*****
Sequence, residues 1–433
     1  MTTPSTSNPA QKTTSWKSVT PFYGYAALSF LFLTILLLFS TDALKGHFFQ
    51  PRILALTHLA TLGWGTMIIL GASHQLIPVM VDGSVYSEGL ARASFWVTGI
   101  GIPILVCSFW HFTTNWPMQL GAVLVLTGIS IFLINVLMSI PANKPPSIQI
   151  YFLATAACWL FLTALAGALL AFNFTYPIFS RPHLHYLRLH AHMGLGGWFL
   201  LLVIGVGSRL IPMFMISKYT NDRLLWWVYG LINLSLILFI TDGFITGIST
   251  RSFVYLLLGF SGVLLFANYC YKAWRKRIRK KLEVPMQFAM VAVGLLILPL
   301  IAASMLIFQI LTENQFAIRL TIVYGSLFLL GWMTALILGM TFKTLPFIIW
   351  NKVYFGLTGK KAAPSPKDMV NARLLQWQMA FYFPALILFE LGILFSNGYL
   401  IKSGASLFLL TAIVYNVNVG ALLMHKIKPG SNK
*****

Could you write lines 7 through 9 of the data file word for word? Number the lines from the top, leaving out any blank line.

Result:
   251  RSFVYLLLGF SGVLLFANYC YKAWRKRIRK KLEVPMQFAM VAVGLLILPL
   301  IAASMLIFQI LTENQFAIRL TIVYGSLFLL GWMTALILGM TFKTLPFIIW
   351  NKVYFGLTGK KAAPSPKDMV NARLLQWQMA FYFPALILFE LGILFSNGYL